All Saints' Church, Winteringham
Winteringham shown within Lincolnshire
|OS grid reference|
|– London||155 mi (249 km) SSE|
|Sovereign state||United Kingdom|
|EU Parliament||East Midlands|
|UK Parliament||Brigg and Goole|
The Romans had a settlement here probably called Ad Abum. The Roman road Ermine Street from London and Lincoln to the south crossed the Humber here by way of a ferry or ford to Brough, and from there continued to York. The pre-Roman ridge way also resumed here, called Yarlesgate or Earlsgate, on its route south and south-west towards the Midlands and South West England.
The village, and its neighbour Winterton to the south, were possibly named after the first King of Lindsey - Wintra - though there are several other theories. By the time of Domesday it was a prosperous place with three mills, a fishery and a ferry.
The former Michelin Star Winteringham Fields restaurant is situated near the centre of the village, owned by Great British Menu 2012 winning chef Colin McGurran. There are two public houses: the Bay Horse at West End and the Ferry Boat Inn in High Burgage. In High Burgage is a corner shop and a post office. In Low Burgage is the local chapel, on a road which leads to Winteringham Haven. On Market Hill, off High Burgage, is the local primary school (Winteringham Primary School), on School Road.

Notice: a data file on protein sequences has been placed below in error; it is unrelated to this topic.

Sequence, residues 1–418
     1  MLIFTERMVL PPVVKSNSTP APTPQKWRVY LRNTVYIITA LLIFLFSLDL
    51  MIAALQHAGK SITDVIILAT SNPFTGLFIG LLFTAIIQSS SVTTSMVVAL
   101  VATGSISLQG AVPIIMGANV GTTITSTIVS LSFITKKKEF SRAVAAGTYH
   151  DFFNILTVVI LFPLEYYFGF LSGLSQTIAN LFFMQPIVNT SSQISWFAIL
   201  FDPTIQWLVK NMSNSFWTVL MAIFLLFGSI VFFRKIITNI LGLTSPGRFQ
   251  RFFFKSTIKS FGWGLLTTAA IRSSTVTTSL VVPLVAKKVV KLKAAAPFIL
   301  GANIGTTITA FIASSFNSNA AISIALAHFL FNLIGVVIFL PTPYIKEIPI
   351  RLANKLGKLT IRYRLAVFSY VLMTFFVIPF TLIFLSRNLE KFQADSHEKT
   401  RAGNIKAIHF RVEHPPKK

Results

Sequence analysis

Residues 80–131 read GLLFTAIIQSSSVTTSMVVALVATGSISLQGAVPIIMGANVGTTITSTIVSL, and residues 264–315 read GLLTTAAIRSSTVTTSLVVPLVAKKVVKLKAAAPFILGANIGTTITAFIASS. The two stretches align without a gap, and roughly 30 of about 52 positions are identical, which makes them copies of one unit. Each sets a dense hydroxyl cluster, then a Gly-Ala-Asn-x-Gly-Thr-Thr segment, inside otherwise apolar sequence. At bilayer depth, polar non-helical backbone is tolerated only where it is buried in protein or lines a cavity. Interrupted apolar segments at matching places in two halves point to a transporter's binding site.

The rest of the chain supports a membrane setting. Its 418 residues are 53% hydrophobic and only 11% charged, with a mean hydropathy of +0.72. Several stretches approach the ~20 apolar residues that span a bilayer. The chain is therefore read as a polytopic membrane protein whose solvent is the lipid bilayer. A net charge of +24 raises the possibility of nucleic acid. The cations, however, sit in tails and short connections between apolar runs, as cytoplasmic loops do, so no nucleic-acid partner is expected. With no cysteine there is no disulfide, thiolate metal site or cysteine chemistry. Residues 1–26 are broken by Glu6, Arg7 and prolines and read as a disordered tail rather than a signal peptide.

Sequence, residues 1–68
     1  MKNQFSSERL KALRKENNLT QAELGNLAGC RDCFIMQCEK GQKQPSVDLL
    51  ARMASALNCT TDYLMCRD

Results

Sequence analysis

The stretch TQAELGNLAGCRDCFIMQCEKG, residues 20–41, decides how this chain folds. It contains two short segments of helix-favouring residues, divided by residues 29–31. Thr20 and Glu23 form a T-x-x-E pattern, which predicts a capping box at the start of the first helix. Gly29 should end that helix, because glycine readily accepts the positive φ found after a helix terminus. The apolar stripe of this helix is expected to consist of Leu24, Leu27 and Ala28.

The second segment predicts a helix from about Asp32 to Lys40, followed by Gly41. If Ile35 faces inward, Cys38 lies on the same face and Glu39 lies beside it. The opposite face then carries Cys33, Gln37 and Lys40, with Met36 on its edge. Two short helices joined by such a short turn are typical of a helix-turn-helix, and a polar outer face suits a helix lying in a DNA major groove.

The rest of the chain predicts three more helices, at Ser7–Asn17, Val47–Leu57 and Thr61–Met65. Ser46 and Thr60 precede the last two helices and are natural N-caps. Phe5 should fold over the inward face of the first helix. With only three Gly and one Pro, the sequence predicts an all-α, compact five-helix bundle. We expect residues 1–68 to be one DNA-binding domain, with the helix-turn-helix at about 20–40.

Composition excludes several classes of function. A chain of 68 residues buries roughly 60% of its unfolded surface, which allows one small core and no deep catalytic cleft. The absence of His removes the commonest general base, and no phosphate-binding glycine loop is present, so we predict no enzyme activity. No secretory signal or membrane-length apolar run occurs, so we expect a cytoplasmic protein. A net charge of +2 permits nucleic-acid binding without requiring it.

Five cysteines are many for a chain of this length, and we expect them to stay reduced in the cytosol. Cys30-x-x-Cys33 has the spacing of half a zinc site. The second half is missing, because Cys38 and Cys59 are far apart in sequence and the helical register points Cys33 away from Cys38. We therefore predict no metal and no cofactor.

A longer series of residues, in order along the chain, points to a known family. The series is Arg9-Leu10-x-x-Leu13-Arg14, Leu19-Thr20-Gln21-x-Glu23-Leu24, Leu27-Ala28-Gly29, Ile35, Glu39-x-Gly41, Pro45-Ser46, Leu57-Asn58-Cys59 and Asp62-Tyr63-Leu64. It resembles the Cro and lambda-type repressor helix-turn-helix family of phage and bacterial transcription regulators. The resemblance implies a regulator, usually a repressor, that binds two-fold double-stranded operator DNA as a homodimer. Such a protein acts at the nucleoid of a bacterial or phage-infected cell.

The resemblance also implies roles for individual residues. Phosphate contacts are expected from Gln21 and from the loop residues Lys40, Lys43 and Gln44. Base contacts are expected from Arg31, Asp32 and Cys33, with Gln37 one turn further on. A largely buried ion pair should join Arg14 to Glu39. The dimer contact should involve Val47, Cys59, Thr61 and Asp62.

Winteringham is also approximately 5 miles (8.0 km) from a wildfowl refuge on the River Humber while also being approximately 1 mile (1.6 km) from the Winteringham Haven Wildlife Reserve.
- Andrew, William. The History of Winterton and the Adjoining Villages. p. 84. ISBN 1-141-58005-5. Retrieved 4 May 2011.
- Russell, Rex C.; A History of a Village - Winteringham 1761-1871, Winteringham Local History Group (1980); updated and revised 1999 by Richard Clarke
- Winteringham 1650-1760, Winteringham WEA Branch (1984), edited by David Neave
- A Browse Around Winteringham, Winteringham WEA Branch (1990). ISBN 0-9516809-0-0
- Winteringham a Further Browse, Winteringham WEA Branch (1991)
Media related to Winteringham at Wikimedia Commons
- "Winteringham Local History and Genealogy", Winteringham.info. Retrieved 22 December 2011